The production took place in a beautiful oval church, with the entire building being used at various points during the scenes to greater or lesser effect. The nature of the venue dictated that there was no stage lighting to speak of, but the beauty of the surroundings and the limited costume and set combined to produce an atmosphere akin to a private performance occurring in an opulent drawing room, rather than a bawdy public spectacle, and thus the lack of “theatrical” lighting was of no detriment to the performance, and even added to the atmosphere. Nick Fletcher (Musical Director) provided a strong accompaniment to the scenes on the grand piano, and has successfully drilled the cast (who for the most part could not see him at the piano) in dynamics, expression and tempi. No mean feat with such a large, strong-voiced cast!

The scenes opened with the sin “Greed” portrayed through a scene from Puccini’s “Gianni Schicchi”. Having been involved in a production of this myself (as Marco in 2006) I know how fiendishly difficult some of the larger ensemble numbers are. The scene revolved around the relatives of the recently deceased Buoso Donati, who were frantically trying to find his last will and testament. All voices were uniformly strong in this piece as the performers rushed around stage frantically trying to find the elusive parchment, eventually retrieved from the pulpit by the lovesick Rinuccio (Joe Doody), much to the consternation of his fellows. The audience’s enjoyment of this well-staged, vocally robust scene was emphasized by the extra whoops and cheers provided for the unfortunate soul who had to lie motionless from the moment the audience entered until the end of the scene. I still preferred the way we did it in 2006 though…

This excellent introduction was unfortunately followed by a particularly weak scene from Monteverdi’s,“L’incoronazione Di Poppea” depicting “Pride”.  The disappointment induced by this scene was not the fault of either of the singers, but simply because the music was dull, revolving around an uninspiring dialogue between two lovers. Halfway through I admit I gave up following the translation in my programme. One would have thought that a better example of pride could have been found amongst the multitude of scenes and arias at the production team’s disposal…

Next we were treated to Jerome Knox’s powerful rendition of a popular aria from Mozart’s “The Marriage of Figaro” – Non più andrai. Whilst the singing of all performers in this scene was up to scratch, something about the scene just felt a little flat. Maybe it is because I am comparing the scene to Opera Ireland’s excellent production (Dublin, 2008), but I don’t think I agreed with the Director (George Ransley)’s decision to go with Gilbert & Sullivan-esque physical actions to accompany the words being sung on stage. However, this blocking did ensure that those audience members who had not paid fifty pence for a programme, or were unfamiliar with aria, knew what was going on.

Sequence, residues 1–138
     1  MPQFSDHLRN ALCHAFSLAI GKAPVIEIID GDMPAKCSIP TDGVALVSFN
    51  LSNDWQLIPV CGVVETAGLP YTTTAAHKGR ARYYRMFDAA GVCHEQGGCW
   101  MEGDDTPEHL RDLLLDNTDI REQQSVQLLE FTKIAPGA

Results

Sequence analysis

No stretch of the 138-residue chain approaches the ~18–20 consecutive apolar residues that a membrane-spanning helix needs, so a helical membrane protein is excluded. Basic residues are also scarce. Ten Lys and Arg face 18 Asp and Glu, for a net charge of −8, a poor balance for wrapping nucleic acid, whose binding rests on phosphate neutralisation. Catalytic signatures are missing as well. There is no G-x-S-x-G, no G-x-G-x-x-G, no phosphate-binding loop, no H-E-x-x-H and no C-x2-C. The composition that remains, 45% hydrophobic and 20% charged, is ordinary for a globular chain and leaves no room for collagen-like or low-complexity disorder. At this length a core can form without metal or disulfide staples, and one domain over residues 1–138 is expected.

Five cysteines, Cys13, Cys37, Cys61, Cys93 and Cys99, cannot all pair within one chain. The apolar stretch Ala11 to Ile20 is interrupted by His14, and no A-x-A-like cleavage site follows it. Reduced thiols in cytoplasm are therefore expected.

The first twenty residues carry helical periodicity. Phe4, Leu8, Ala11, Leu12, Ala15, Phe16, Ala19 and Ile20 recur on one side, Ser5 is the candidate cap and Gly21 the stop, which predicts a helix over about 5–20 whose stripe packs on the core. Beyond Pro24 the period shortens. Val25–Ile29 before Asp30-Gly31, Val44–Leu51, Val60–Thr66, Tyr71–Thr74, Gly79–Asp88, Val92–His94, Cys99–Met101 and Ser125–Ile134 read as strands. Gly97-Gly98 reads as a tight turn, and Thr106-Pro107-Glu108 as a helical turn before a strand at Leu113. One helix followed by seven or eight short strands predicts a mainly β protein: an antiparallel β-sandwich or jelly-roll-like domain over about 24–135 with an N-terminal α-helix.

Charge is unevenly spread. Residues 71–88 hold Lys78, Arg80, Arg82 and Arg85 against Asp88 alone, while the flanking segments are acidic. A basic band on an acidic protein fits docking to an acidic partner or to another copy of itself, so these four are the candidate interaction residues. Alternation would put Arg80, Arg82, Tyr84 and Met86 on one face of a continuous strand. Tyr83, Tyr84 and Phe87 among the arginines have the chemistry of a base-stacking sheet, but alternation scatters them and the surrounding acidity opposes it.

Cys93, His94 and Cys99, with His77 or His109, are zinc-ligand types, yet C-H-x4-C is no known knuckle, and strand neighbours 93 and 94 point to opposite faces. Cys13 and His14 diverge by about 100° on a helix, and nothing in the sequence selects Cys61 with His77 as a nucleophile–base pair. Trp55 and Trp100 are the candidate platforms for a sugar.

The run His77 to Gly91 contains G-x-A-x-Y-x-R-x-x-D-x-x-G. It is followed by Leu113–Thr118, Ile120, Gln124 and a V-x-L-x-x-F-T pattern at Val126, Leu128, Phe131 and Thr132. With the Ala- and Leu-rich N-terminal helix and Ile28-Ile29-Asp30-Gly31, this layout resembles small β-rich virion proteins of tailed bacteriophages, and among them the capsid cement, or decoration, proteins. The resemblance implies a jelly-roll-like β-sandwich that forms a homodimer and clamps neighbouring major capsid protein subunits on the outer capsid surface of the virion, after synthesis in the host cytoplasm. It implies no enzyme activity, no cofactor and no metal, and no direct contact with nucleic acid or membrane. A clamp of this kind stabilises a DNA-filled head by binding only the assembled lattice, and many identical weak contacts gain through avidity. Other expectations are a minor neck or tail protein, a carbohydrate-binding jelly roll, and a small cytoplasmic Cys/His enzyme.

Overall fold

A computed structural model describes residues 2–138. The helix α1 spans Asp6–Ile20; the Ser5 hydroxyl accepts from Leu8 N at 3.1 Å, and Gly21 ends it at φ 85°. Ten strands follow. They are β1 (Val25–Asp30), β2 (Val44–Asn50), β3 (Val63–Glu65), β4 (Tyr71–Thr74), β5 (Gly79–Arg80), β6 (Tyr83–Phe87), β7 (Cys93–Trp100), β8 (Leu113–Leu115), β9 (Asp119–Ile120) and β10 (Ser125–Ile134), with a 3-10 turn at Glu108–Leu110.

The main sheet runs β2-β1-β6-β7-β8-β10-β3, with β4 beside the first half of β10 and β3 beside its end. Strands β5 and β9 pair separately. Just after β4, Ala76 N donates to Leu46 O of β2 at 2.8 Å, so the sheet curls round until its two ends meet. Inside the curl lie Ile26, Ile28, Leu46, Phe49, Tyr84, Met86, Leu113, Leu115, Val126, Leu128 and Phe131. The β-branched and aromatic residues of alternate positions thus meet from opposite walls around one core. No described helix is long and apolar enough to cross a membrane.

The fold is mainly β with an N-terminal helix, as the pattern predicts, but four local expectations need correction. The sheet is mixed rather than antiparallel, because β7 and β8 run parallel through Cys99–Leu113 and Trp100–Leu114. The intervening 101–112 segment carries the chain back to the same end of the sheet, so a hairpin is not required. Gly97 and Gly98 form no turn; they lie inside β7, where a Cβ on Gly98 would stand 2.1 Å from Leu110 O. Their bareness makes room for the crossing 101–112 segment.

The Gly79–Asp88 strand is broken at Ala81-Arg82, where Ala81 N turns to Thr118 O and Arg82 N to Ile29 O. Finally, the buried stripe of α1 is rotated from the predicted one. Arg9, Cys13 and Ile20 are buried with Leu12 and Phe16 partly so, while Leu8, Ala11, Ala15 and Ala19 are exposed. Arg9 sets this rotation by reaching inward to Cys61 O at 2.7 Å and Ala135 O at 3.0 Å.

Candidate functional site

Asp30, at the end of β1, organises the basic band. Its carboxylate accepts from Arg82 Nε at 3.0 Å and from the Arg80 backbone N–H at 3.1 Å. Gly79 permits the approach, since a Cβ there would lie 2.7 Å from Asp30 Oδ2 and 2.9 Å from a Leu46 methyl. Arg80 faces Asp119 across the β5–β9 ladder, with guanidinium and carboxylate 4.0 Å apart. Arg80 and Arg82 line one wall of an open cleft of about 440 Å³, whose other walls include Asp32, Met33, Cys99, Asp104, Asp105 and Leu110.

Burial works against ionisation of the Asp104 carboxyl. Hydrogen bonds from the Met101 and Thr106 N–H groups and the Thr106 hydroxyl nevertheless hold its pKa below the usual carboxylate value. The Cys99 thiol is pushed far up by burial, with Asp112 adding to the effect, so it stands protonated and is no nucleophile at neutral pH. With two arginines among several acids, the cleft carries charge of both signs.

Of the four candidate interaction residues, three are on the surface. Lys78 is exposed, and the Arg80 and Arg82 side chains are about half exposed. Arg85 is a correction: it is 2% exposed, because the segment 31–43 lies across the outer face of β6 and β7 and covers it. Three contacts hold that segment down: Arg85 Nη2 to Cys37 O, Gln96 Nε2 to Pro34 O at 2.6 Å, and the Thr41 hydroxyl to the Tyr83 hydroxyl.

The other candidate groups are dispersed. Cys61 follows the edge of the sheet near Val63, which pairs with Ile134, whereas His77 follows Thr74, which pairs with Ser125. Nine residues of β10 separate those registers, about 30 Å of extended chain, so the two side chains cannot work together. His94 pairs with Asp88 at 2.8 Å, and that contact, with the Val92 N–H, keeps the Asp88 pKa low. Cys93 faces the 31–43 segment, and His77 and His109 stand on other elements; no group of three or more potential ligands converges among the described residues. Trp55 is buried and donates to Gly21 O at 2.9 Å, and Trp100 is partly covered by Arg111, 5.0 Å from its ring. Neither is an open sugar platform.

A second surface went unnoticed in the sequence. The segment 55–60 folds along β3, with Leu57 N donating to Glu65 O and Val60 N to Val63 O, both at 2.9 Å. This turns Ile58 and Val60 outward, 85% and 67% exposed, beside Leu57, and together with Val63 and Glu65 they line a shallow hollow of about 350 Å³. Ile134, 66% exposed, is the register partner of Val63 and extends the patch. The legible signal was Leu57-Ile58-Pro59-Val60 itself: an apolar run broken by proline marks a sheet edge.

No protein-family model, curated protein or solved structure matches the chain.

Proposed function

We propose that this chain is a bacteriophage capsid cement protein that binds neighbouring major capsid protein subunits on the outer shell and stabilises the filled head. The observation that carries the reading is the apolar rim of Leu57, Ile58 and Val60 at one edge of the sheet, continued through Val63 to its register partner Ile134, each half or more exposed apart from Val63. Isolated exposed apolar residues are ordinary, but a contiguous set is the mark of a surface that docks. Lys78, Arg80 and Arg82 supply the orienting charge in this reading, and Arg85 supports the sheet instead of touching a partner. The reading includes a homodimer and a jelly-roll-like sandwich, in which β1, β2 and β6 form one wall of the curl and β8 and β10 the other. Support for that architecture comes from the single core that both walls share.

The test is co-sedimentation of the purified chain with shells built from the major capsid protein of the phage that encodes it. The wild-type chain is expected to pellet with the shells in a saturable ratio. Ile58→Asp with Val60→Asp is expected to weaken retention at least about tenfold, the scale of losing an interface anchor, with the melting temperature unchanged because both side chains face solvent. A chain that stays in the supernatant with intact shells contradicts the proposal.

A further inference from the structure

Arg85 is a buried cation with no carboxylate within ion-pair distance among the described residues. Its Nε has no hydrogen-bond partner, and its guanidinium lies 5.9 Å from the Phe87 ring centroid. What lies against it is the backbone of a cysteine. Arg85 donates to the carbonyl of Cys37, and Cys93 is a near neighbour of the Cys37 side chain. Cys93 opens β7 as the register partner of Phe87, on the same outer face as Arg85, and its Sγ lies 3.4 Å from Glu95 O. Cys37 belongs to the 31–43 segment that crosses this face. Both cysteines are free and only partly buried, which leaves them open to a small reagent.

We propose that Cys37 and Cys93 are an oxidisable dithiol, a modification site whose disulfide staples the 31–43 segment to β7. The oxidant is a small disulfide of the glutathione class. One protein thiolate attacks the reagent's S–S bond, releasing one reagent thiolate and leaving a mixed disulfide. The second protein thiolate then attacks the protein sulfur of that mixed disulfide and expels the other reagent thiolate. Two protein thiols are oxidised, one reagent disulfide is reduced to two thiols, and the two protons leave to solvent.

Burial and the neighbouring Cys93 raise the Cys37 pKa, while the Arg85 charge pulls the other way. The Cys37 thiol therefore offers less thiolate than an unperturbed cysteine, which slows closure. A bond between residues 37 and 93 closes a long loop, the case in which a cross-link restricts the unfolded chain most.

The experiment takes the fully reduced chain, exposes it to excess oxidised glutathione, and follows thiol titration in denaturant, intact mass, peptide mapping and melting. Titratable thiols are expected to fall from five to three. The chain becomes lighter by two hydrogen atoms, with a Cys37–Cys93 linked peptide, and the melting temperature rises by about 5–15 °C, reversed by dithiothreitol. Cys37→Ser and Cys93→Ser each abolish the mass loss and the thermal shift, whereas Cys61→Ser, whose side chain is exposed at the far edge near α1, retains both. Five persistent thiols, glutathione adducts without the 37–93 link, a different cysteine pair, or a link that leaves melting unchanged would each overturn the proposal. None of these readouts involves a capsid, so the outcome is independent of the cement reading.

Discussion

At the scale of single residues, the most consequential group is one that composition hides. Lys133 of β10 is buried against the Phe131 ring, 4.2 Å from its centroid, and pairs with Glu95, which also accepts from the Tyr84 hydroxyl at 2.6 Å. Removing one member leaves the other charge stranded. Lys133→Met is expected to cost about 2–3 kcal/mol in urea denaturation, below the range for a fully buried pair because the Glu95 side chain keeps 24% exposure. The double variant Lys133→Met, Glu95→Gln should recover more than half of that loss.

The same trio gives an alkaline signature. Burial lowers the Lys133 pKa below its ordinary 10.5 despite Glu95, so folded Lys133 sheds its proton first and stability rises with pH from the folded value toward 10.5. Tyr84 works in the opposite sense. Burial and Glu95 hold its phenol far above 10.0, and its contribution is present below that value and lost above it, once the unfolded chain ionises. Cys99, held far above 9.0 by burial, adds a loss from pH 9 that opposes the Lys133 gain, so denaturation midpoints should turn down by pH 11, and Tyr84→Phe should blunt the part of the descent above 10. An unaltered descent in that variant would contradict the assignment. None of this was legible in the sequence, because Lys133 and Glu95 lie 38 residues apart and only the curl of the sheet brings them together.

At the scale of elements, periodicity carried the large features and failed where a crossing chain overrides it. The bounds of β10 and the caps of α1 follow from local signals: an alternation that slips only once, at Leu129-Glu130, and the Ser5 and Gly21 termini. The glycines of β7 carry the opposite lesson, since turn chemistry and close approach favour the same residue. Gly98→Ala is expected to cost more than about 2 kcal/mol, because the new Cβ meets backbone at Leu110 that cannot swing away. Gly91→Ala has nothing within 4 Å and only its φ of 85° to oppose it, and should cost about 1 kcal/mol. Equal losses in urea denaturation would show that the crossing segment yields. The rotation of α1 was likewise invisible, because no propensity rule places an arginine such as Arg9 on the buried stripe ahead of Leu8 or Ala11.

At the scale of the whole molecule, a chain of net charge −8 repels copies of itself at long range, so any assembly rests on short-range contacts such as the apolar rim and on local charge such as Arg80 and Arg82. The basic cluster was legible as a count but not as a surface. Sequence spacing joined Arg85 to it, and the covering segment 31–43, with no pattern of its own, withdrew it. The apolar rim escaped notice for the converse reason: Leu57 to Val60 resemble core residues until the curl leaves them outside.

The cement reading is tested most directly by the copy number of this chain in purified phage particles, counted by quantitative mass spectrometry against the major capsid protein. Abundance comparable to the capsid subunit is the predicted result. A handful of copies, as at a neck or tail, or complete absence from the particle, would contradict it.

Things were quickly back to their impressive beginnings with the fourth deadly sin, “Wrath”, depicted in this context by a scene from Benjamin Britten’s “Peter Grimes”. I have never heard this opera before but after this taster I am most definitely going to have a look for it. The music was gorgeous and lush, with Suzanne McGrath’s soprano (Ellen) soaring elegantly over the awe-inspiring sounds of the ethereal chorus in the gallery behind the audience. The chorus was led by an equally commanding Frankie Powlesland as the Reverend, and although Ian McBain did not get to sing anything as John, his portrayal of the young apprentice was touching and complemented McGrath’s performance nicely.

“Gluttony”, my favourite of the seven deadly sins, was portrayed through another excellent piece of music – the scene from Humperdinck’s Hansel and Gretel where the young children find the gingerbread house in the woods. This was another new piece of music for me, and another piece that I am definitely going to try and track down. The performances from Rachel Timney (Hansel) and Laura Reading (Gretel) definitely made this scene, their voices being up to the task, and some of the expressions of delight on their faces being worthy of Hallmark. It was lucky that their performances were so strong as the staging for this scene was virtually non-existent. It was a clever idea to have chocolate lowered down from the gallery, and I know it would be impossible for a fringe show to produce an edible gingerbread house, but it felt somewhat cruel to leave the performers wandering aimlessly around the audience for such a long period of time.